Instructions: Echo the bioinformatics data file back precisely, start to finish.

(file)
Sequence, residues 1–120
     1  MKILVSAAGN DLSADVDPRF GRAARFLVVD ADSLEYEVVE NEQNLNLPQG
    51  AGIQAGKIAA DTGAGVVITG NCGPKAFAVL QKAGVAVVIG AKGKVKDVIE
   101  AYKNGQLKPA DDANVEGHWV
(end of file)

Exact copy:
Sequence, residues 1–120
     1  MKILVSAAGN DLSADVDPRF GRAARFLVVD ADSLEYEVVE NEQNLNLPQG
    51  AGIQAGKIAA DTGAGVVITG NCGPKAFAVL QKAGVAVVIG AKGKVKDVIE
   101  AYKNGQLKPA DDANVEGHWV